Egypt participates in Ukraine International Travel, Tourism Exhibition    139 Palestinians killed in Israeli strikes on Gaza    Palestinian under attack in 73rd anniversary of Nakba Day    Egypt's Health Ministry launches awareness campaigns against COVID-19    Egypt partakes in drafting OECD Recommendations on AI    Palestine's Telecom Ministry names top social media supportive hashtags for maximum engagement    Egypt fines mobile operators EGP 20m for number portability violations    Sudan pledges to investigate killing of 2 protestors during peaceful sit-in    Grand Egyptian Museum finishes installing Tutankhamun's 3rd shrine    Egypt discovers several ancient tombs in Sohag's Al-Hamdiya necropolis    Egypt scales up readiness of hospitals nationwide for Eid Al-Fitr holidays    Egyptian hospitals in Sinai on alert amid Israeli aggression on Gaza    Egypt announces Thursday 1st day of Eid Al-Fitr    Nuweiba: Egypt's paradise of serenity    Egypt's current account deficit jumps to $7.6 bln in 1H of FY2020/21: CBE    Egypt's trade deficit down 1.2% to $3.34bn in February 2021: CAPMAS    Global economic recovery to improve debt service coverage ratios: Moody's    Egypt's Parliament discusses abolishing imprisonment for female debtors    India signs an agreement to buy 300,000 doses of Remdesivir from Eva Pharma    Egypt will locally manufacture first 2m Sinovac vaccine doses by June-end    2021 South East European Film Festival celebrates cinematic diversity of 18 countries    Turkey seeks to restore 'historic unity' with Egyptian people: Erdogan    Elneny's Arsenal targets 'remontada' in Europa League semi-finals    Zamalek eye return to victories at expense of Smouha in Egyptian Premier League    Al Ahly face injuries as they take on Al Ittihad Alexandria    Egypt buys 30 Rafale fighter jets from France    Direct flights between Russia and Egypt will resume in June, Ambassador    Egypt's Ahly is establishing a new stadium, expected to be 'sports complex'    Blinken presses Ethiopia's Abiy to ensure full withdrawal of Eritrean troops from Tigray    Forces opposed to Somali president control parts of Mogadishu    Nine people executed in Egypt over Kerdasa police killings in 2013    UEFA investigating Ibrahimovic's alleged ties to betting company    61 doctors died from coronavirus since start of April: Egypt's medical syndicate    Egypt targets 5.6% inflation rate in FY2020/21, 6% in FY2021/22    Egypt allocates EGP 132 bln to modernise railway system: Transport minister    Real Madrid not thinking about any Super League sanctions: Zidane    Total declares force majeure on Mozambique LNG after attacks    All the winners at the 93rd Academy Awards    Egypt's Ahly granted approval to build new stadium on Cairo outskirts    Aswan Int'l Women's Film Festival dedicates 5th edition to Kawthar Heikal    BREAKING: Egypt's information minister Osama Heikal resigns amid parliamentary criticism    'War was not Egypt's aim, but peace was the ultimate goal,' Sisi says on Sinai Liberation Day anniversary    Factbox: Key nominations for the 2021 Academy Awards    Old Cairo's Al-Fustat will be revamped on Egyptian President's directives    Veteran Egyptian journalist Makram Mohamed Ahmed passes away at 86    Allianz Egypt partners with IGNITE to equip brand ambassadors for 2021 Olympics    Hassan Allam consortium wins contract to manage, operate Grand Egyptian Museum    Seasoned Egyptian screenwriter Wahid Hamed dies at 76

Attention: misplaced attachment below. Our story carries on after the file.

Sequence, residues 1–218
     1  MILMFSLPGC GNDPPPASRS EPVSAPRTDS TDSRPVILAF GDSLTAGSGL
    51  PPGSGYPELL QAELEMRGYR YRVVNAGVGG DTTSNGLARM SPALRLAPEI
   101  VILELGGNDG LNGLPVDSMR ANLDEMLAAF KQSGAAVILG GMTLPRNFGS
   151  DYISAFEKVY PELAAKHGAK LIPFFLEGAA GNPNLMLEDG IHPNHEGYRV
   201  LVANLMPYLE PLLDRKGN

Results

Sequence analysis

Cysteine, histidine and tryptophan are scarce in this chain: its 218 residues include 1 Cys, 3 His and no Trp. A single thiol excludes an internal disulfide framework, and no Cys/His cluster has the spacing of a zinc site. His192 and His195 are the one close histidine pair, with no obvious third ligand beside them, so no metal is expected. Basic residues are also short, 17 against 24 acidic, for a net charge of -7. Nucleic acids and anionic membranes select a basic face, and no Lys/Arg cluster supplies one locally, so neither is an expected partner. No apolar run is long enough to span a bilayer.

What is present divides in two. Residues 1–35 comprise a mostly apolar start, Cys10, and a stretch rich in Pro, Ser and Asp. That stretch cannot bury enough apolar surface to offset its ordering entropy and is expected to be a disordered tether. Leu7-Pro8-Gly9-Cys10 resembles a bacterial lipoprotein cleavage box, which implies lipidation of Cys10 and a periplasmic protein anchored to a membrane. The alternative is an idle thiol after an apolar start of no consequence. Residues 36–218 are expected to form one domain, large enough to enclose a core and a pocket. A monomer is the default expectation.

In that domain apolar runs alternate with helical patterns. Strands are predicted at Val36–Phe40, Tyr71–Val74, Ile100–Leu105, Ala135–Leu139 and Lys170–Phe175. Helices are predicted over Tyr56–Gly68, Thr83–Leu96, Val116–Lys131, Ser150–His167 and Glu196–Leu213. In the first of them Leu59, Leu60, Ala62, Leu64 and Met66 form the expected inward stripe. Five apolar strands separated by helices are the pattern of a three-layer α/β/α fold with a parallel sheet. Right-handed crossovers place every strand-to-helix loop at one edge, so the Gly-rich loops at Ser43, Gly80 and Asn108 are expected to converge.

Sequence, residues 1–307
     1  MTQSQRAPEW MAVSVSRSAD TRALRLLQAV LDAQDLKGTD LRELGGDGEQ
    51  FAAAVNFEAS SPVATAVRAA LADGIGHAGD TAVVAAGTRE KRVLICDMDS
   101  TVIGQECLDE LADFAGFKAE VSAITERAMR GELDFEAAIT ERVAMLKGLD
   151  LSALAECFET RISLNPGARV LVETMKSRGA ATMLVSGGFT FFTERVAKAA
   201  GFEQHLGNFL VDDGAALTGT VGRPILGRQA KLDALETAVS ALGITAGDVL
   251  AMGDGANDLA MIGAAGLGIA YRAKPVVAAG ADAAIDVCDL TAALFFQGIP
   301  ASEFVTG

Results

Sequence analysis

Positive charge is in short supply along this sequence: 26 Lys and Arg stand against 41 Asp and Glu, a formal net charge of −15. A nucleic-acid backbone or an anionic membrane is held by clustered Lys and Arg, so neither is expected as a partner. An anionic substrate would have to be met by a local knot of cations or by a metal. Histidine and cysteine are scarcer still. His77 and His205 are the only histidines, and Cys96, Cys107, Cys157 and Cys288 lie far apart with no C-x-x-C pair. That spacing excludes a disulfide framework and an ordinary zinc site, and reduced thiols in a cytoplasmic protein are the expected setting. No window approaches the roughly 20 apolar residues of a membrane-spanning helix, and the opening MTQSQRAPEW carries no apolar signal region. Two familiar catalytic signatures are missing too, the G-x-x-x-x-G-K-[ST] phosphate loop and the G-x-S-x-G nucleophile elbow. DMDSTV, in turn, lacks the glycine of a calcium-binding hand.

Thank you for reporting!